Tuesday Tips: Touch the Disc More Often, Presented By Spin Ultimate

Some players just seem to have a knack for finding the disc.

Revolver's Joel Schlachet has developed a reputation for attracted this disc, especially around the endzone. Photo: Jolie J Lang -- UltiPhotos.com
Revolver’s Joel Schlachet has developed a reputation for attracting this disc, especially around the endzone. Photo: Jolie J Lang — UltiPhotos.com

Tuesday Tips is presented by Spin Ultimate; all opinions are those of the author. Please support the brands that make Ultiworld possible and shop at Spin Ultimate!

Everyone knows the player: the super talented athlete who seems like they should be dominating on the field, but just always end up being a non-entity. They simply can’t get open or find a way to get passes thrown to them on offense.

Whether very athletic, incredibly fast, or possessing great throws, it doesn’t matter if you can’t get open. Check all the boxes, but if you never touch the disc on the field on offense, you’re not helping the squad nearly as much as you could be. This is usually a problem for new players, but even the most experienced veteran can have those dry runs of being unable to get the disc thrown to them. The better the squad gets, the more this is especially true; some players just have a knack for finding the ball, while others don’t.

If it isn’t talent, then what’s the problem? Is it luck? Not at all; getting the disc consistently on offense is a specific skill. Touching the disc consistently requires a knowledge and mental focus to coincide with athleticism and talent.

Here are the key areas to concentrate on to improve on this skill: timing, spacing, and aggression.


75% of touching the disc on offense is timing. Most players who always end up in the wrong place at the wrong time (imagine a cutter stuck on the far side of the field), simply don’t know when best to pick their moment.

The reality is, you can be a phenomenal cutter or handler, but if you don’t time your cuts right, throwers will never have a chance to hit you. This may be because the defense has shifted to cover or your thrower has already started looking to their next progression when you make your move.

Here are some tips to mastering timing when it comes to getting the disc. While they won’t hold true in every situation —and there will still always be those occasional “throw you open” moments — they’ll work for most players most of the time.

  • When the disc moves, you move: Changing your direction or speed at the moment the disc is caught is a good rule of thumb and a way to help sync the timing of your cuts. Generally the first second of the stall after a player has received a pass is when it is easiest for them to attack because the mark isn’t yet set in position. If you strike immediately in that moment, you have better odds of getting open and passed to. Think of a swing laterally and then taking off deep. Even better, timing your deep cut just when someone gets power position. Or when a teammate receives an under cut and you are able to line it up so you’re ready to receive the next easy under pass. Great teams with great flow will move like a clock, with one piece ticking off each second.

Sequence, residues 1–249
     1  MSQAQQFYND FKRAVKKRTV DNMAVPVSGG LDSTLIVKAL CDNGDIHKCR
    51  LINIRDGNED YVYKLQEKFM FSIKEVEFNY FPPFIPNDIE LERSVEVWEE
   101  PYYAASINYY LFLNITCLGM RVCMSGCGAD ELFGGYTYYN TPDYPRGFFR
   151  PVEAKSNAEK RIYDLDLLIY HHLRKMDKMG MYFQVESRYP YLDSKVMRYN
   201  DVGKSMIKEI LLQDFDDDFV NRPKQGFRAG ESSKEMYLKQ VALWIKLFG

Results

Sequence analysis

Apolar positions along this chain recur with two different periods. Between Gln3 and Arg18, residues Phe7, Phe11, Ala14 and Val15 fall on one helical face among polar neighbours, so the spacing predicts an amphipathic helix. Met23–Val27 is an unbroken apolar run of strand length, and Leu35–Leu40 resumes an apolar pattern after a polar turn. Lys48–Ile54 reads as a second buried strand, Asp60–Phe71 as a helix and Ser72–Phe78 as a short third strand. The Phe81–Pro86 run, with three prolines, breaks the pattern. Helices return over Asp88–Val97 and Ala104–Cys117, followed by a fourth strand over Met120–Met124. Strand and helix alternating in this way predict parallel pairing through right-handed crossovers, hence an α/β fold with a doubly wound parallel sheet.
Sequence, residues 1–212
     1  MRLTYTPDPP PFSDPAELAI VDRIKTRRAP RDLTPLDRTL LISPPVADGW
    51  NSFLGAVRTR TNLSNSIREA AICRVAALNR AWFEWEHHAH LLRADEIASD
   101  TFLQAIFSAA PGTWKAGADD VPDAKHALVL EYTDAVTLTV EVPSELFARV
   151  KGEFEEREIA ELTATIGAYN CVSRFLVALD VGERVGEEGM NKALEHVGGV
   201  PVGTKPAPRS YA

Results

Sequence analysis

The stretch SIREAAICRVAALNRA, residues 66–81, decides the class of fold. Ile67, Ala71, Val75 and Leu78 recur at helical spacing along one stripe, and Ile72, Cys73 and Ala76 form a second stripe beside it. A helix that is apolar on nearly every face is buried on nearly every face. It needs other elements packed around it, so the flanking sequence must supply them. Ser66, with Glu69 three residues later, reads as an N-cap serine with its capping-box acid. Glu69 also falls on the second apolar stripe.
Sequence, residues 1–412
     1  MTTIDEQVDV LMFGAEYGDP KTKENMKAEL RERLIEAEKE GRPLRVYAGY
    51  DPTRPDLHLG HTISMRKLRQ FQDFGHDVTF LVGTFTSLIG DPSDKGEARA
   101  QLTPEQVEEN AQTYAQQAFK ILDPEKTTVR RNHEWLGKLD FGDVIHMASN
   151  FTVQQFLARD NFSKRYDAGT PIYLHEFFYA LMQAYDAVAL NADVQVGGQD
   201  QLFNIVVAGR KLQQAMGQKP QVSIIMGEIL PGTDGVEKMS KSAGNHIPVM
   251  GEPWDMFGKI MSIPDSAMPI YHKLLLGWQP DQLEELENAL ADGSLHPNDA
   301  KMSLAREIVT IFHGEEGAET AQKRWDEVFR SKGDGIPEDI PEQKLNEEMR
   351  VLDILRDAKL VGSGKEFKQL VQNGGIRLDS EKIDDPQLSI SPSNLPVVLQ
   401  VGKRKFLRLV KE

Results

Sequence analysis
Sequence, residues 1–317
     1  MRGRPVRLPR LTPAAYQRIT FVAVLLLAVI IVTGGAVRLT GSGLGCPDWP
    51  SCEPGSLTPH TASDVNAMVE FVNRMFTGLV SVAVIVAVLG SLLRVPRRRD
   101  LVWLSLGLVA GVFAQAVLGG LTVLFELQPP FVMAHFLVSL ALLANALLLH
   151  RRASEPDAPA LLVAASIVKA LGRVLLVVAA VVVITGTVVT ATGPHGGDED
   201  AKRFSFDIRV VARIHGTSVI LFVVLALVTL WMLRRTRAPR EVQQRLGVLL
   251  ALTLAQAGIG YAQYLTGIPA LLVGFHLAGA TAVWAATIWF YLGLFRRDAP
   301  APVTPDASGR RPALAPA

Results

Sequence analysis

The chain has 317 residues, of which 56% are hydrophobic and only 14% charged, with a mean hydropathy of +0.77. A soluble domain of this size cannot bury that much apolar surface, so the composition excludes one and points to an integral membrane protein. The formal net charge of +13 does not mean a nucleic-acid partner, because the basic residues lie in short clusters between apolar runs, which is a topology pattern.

• Think two passes ahead: Sometimes you are just so far away from the play or out of position, that is will be near impossible to get the next pass. Therefore, think ahead. Move when the disc moves, but instead of setting up to get the very next pass, try for the one after that. Especially important on swings or lateral movement, this is the way to perfectly time your cuts, rather than (as most rookies do) trying to get the ball when it isn’t your time. A great example: the disc swings to the center, you move and take off deep, knowing you won’t get that throw, but you can then set up an under for the next pass, or even a throw later in the stall if a thrower needs to move beyond their first look. For handlers, think positioning yourself to get the next reset or dump, when the player ahead of you has gone.
  • Find the flow (and your role): Good teams will have a set pattern or flow to their offense. It will usually run through 2-3 core players who drive the motion of the offense. Don’t try to do too much or step outside your role — again, imagine the furiously sprinting rookie who despite their effort does more clogging than good. Instead, pick your spots. If you know a player is going to get a reset as the center handler, set up for that person. This is your cut deep when your hucker gets power position, or your dive to get a dump from a non-confident newbie. Figure out your place (and everyone else on the line’s place) to then go for the key moments when you can serve the squad best.


If timing is 75% of the key to touching the disc more often, then spacing is 20% more on top of that — almost the whole shebang.

A lot of times you simply can’t get the disc because you’re in the wrong place, usually on the wrong side of the field. Inexperienced players languish there, even when the disc is attacking away from them, and they can feel helpless. More knowledgeable players set themselves up to be dangerous in space and make an impact. Here’s how:

  • Find the clear areas: Every offense will have areas it is trying to attack, usually dictated by the type of set it runs. For example, in basic form, horizontal stack opens up the deep and under space, vertical opens up the sides, etc. But regardless of set, in the midst of a point, there are going to be areas that are more open. You have to be able to see these throwing lanes, and most of all see where your teammates are and aren’t. You absolutely can’t go to the same space as another player; then, neither of you will get the disc. Clear away, look for the next throwing lane (again thinking ahead), and be ready to attack that space.